Here’s a note about the Scala 2.13 Collections Feature Freeze., which includes a link to this post on how/why the Scala 2.13 collections were redesigned from scratch.
Tutorials about the Scala programming language.
The people behind IntelliJ IDEA released their JetBrains Scala developer survey recently.
scala-lang.org has an article titled Speeding Up Compilation Time with `scalac-profiling` where they demonstrate how they reduced a project’s compilation time from 32.5 seconds down to 4 seconds. In addition to all of the scalac and profiling details, it demonstrates a nice use of flamegraphs.
Per this tweet, back on May 15 Martin Odersky shared a slide with these contents:
The essence of Scala: Fusion of functional and object-oriented programming in a typed settings.
- Functions for the logic
- Objects for the modularity
I originally wrote a long introduction to this article, but I decided to keep that introduction for the second article in this series. For this article I’ll just say:
- idiomatic Scala code involves never using null values
- because you never use nulls, it’s important to become an expert at using
- initially you may want to use match expressions to handle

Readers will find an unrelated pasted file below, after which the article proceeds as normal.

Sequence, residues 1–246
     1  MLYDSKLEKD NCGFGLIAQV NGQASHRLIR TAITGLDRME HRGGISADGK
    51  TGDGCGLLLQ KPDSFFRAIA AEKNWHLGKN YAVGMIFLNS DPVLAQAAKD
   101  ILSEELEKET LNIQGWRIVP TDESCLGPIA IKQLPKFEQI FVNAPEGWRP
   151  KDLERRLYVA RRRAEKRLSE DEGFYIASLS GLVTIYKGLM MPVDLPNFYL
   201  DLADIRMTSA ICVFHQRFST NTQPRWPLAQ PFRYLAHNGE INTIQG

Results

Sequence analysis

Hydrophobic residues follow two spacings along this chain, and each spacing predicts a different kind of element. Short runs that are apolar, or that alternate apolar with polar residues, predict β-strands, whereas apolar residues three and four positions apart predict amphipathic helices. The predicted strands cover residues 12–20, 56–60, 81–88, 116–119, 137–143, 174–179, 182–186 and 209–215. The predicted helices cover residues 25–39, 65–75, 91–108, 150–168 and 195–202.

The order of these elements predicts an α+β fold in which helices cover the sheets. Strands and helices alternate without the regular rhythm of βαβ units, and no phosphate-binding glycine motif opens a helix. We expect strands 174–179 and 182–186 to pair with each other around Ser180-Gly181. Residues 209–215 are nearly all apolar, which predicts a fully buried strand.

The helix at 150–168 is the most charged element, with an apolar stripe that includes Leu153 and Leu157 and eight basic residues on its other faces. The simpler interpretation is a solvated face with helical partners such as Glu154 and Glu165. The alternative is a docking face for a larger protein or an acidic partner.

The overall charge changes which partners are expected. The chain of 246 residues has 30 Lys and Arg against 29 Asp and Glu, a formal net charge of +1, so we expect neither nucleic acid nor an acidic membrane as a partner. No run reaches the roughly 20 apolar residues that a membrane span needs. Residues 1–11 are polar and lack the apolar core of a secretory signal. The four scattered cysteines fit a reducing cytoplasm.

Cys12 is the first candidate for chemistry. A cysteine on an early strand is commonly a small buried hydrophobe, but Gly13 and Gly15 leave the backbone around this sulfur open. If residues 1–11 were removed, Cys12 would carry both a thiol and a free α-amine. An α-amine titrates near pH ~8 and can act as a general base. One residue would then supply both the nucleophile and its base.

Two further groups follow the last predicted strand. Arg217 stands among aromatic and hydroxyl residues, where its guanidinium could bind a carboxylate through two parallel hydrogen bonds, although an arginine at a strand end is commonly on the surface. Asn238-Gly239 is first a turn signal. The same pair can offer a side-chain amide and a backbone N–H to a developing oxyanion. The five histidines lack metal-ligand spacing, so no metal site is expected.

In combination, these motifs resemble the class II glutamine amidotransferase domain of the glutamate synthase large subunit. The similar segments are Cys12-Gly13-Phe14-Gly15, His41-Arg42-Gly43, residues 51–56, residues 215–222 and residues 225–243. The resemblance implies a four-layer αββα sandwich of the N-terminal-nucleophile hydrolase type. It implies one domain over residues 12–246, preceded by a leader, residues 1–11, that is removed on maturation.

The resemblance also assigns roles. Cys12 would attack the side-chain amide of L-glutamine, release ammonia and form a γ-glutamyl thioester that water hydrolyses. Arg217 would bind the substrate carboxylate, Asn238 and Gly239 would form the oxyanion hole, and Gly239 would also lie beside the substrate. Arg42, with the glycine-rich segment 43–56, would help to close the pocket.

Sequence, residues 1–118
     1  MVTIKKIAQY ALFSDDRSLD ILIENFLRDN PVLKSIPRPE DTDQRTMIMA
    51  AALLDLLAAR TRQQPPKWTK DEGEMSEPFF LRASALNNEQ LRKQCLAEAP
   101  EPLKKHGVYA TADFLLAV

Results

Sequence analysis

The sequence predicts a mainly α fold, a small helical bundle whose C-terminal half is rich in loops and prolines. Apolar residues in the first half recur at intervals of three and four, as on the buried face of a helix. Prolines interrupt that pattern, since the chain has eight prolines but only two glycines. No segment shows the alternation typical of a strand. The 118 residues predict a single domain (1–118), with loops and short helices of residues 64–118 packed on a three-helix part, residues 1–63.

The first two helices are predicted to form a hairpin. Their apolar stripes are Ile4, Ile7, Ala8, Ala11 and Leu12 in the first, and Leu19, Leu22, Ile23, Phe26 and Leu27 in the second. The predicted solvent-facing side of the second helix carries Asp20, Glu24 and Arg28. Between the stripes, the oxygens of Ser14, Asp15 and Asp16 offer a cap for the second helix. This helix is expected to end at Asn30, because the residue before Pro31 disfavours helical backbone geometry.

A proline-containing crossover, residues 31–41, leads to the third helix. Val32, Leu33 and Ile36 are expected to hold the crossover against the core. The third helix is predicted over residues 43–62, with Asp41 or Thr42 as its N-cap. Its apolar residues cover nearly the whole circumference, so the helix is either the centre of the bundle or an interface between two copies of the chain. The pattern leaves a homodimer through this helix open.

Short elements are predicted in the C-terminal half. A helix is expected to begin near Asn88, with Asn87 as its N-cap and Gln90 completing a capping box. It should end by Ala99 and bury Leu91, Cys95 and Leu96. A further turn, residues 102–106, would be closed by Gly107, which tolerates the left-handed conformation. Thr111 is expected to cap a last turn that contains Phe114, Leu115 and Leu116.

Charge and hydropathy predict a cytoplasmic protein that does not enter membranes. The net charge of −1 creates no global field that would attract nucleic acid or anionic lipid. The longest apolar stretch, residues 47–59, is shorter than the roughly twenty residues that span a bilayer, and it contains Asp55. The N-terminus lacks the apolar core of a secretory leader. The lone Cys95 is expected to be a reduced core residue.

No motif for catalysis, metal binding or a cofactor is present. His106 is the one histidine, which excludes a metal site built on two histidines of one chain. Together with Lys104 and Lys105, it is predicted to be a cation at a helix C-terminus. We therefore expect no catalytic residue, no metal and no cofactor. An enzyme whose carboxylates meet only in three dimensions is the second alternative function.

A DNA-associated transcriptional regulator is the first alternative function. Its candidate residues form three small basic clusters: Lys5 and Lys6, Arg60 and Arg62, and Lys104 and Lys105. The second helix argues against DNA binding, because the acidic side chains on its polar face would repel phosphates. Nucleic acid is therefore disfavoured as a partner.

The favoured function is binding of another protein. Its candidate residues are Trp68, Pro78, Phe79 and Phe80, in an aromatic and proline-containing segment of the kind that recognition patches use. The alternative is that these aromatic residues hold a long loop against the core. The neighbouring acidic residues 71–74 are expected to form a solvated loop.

- as you become more proficient with Scala and Options, you’ll find that match expressions tend to be verbose
- becoming proficient with higher-order functions (HOFs) like map, filter, fold, and many others are the cure for that verbosity
Given that background, the purpose of this article is to show how to use HOFs with
Option values rather than match expressions.
The Visitor Pattern is one of the most mis-understood of the classic design patterns. While it has a reputation as a slightly roundabout technique for doing simple processing on simple trees, it is actually an advanced tool for a specific use case: flexible, streaming, zero-overhead processing of complex data structures. This blog post will dive into what makes the Visitor Pattern special, and why it has a unique place in your toolkit regardless of what language or environment you are programming in.
This page contains a large collection of examples of how to use the Scala Map class, including most of the methods that are available on a Vector. (Currently well over 100 examples.)